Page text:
Ukraine is still battling to restore water and power to millions of its citizens after Russia’s latest mass missile strike on civilian infrastructure on Wednesday, Nov. 23 battered an already crippled electricity grid.
The situation is a grim one right across the entire country with winter setting in and temperatures in the capital of Kyiv hovering just above freezing.
Such is the scale of the power outages that their effects are clearly visible from space.
“The situation with electricity remains difficult in almost all regions,” Ukrainian President Volodymyr Zelensky said on the evening of Thursday, Nov. 24. “However, we are gradually moving away from blackouts — every hour we return power to new consumers.”
More than 24 hours after Russian strikes smashed Kyiv, mayor Vitaliy Klitschko said late Thursday that 60 percent of homes in the capital were still suffering emergency outages.
Water services had been fully restored however, city officials said. But the shelling had killed seven people at Vyshgorod, on the outskirts of the capital, said Oleksiy Kuleba, head of the Kyiv Regional Military Administration.
The western region of Khmelnytsky was one of the worst affected by power outages, with just 35 percent of its normal capacity, but that was enough to connect critical infrastructure, according to Serhiy Hamaliy, the head of the regional administration.
The recently-liberated southern city of Kherson has been largely without power and water since Russian forces destroyed critical infrastructure when they were forced to retreat earlier this month.
Residents also now face a new threat – shelling from the Russian army in its new positions on the other side of the Dnipro River. A fresh round of strikes Thursday killed at least four people, a senior official there said.
About 300,000 residents in the eastern Kharkiv region, near the border with Russia, were still without power on Thursday evening, but electricity supply had been restored for nearly 70 percent of consumers, AFP reports.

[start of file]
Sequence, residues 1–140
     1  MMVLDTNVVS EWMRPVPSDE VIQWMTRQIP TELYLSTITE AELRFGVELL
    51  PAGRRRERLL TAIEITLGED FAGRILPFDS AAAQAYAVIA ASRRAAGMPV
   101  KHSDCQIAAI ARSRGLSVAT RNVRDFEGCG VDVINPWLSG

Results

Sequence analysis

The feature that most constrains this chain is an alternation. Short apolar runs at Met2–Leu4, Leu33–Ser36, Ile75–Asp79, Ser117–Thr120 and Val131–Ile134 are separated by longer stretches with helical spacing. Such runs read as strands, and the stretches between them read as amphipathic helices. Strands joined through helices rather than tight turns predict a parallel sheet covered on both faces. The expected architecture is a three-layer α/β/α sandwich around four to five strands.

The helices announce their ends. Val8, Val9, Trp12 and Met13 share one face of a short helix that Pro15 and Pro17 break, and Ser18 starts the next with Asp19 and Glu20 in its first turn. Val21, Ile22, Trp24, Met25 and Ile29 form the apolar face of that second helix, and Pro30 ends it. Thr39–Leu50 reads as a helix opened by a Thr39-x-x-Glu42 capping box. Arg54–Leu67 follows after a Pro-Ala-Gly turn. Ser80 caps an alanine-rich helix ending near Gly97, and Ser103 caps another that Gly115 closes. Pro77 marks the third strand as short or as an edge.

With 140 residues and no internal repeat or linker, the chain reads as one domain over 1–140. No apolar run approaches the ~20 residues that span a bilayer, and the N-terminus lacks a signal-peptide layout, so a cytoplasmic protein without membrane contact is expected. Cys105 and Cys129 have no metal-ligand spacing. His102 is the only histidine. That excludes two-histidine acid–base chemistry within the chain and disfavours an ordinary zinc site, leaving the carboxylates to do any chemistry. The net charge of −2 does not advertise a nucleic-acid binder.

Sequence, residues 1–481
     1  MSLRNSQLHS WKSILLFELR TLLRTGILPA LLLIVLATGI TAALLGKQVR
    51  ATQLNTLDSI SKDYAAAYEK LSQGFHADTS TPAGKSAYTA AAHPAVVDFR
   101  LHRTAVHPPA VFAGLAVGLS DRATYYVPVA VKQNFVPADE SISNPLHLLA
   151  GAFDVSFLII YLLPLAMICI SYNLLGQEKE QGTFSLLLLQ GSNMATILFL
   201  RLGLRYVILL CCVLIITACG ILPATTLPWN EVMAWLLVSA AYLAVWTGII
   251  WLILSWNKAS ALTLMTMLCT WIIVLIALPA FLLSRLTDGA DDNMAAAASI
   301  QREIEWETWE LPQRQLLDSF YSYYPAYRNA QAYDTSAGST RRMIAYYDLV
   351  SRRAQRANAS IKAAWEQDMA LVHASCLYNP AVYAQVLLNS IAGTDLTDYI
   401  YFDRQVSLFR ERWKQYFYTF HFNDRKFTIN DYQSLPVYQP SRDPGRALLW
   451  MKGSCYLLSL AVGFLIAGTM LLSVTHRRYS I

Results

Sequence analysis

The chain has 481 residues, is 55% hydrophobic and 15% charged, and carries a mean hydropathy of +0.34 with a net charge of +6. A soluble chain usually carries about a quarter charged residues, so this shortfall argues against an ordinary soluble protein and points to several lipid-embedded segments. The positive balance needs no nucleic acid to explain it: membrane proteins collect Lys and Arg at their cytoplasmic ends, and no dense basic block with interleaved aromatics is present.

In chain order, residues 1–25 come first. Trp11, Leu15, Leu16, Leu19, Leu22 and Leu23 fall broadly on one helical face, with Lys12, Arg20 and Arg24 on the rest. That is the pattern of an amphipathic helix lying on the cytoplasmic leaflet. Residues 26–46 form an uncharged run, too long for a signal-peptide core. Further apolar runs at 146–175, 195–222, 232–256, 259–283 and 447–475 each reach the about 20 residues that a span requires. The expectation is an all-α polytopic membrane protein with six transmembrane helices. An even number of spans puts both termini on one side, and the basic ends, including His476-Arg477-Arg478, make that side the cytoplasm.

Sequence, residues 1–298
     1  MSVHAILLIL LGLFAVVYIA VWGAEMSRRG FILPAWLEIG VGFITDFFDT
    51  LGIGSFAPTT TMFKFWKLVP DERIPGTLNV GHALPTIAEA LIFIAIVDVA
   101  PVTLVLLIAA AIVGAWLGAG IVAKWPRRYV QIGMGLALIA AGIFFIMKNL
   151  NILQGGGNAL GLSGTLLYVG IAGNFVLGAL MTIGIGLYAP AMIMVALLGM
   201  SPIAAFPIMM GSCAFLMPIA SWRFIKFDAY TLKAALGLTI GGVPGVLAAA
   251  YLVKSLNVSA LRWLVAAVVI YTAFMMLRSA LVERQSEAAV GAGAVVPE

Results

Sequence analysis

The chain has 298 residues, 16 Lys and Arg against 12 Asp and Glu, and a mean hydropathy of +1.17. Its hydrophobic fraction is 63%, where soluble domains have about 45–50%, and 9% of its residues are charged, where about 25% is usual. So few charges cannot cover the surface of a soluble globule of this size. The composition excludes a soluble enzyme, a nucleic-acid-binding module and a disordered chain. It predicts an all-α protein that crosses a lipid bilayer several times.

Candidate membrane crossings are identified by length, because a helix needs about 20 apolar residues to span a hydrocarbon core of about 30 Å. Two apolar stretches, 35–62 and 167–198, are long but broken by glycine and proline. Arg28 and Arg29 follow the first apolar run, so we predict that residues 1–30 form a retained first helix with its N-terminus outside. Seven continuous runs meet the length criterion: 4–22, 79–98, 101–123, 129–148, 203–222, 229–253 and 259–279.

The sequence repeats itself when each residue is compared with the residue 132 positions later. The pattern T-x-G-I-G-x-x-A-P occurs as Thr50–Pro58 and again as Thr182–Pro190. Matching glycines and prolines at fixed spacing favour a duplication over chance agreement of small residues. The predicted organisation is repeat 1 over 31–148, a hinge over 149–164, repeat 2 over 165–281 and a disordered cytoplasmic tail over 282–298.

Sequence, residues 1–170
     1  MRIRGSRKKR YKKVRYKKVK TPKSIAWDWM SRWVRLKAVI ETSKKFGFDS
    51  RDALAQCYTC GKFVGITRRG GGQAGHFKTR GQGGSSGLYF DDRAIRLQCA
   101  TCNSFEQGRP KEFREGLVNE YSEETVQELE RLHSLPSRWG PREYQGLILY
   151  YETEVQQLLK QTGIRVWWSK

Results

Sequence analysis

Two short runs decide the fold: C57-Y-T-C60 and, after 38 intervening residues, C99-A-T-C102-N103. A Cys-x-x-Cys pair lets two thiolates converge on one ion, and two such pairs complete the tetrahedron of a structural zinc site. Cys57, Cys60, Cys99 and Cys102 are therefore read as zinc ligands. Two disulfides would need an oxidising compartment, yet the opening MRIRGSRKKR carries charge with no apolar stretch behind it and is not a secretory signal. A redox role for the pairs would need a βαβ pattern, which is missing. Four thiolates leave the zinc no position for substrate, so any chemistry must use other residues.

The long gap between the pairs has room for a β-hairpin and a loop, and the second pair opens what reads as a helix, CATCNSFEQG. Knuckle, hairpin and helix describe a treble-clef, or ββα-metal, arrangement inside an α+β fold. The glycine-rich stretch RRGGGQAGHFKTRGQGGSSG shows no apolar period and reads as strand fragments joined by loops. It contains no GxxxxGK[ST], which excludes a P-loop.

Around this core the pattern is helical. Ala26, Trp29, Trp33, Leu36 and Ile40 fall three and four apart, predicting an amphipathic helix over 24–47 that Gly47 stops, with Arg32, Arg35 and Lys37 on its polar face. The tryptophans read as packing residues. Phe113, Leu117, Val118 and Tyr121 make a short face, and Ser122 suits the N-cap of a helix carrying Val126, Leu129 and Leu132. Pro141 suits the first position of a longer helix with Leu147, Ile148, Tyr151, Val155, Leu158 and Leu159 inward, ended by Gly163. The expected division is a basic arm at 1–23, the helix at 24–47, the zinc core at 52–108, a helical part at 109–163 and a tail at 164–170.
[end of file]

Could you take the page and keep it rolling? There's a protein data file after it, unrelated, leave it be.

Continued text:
“We’ve restarted power supplies,” said Ihor Terekhov, mayor of Kharkiv city, adding that water was being restored to homes and municipal workers were reconnecting public transport.
“Believe me, it was very difficult.”
Nuclear power stations
Wednesday’s attacks disconnected three Ukrainian nuclear plants automatically from the national grid and triggered blackouts in the neighbouring country of Moldova, where the energy network is linked to Ukraine.
All three nuclear facilities had been reconnected by Thursday morning.
Why is Russia doing this?
After numerous defeats on the battlefield, Russia is now resorting to trying to bomb Ukrainian civilians into submission. It then hopes Kyiv will be forced into negotiations on terms favourable to the Kremlin.
The Kremlin said Ukraine was ultimately responsible for the fallout from the strikes, and that Kyiv could end the strikes by acquiescing to Russian demands.
Ukraine “has every opportunity to settle the situation, to fulfil Russia’s demands and as a result, end all possible suffering of the civilian population,” Kremlin spokesman Dmitry Peskov said.
What is Ukraine’s response to this?
There is absolutely no indication that the tactic will work. “The way they fight and target civil infrastructure, it can cause nothing but fury,” said Oleksiy Yakovlenko, chief administrator at a hospital in Ukraine’s eastern city of Kramatorsk, Donetsk Region.
And in a BBC interview with Olena Zelenska on Wednesday, the Ukrainian first lady said: “We are ready to endure this.
“We’ve had so many terrible challenges, seen so many victims, so much destruction, that blackouts are not the worst thing to happen to us.”
What is in store over the coming weeks?
Russia is expected to launch more missile strikes against civilian infrastructure and the World Health Organization has warned of “life-threatening” consequences and estimated that millions could leave their homes as a result.
How is the rest of the world trying to help?
European Parliament President Roberta Metsola this week launched an appeal to get vitally needed equipment to the EU’s war-torn eastern neighbor.
“Ukrainians are currently without electricity as a result of Russia’s attacks on critical civilian infrastructure,” Metsola said.
Dario Nardella, mayor of the Italian city of Florence, who heads a network of local authorities in Europe, said he was looking to coordinate a group of 200 cities around the continent to send generators they have in storage to Ukraine.
“We’ve got the potential of sending several hundred, even industrial-sized, generators which will be able to produce quite a lot of power,” Nardella said.
Andriy Yermak, chief of staff at the Ukrainian presidency, said that generators were needed to help ensure people’s basic needs as Russia continues to bombard Ukraine.
But he said the top priority for Kyiv was to get other heavy equipment needed for the “immediate recovery” of the country’s power grid.
“We need to ensure generation and sustainable distribution of energy to sustain our economy,” Yermak said.
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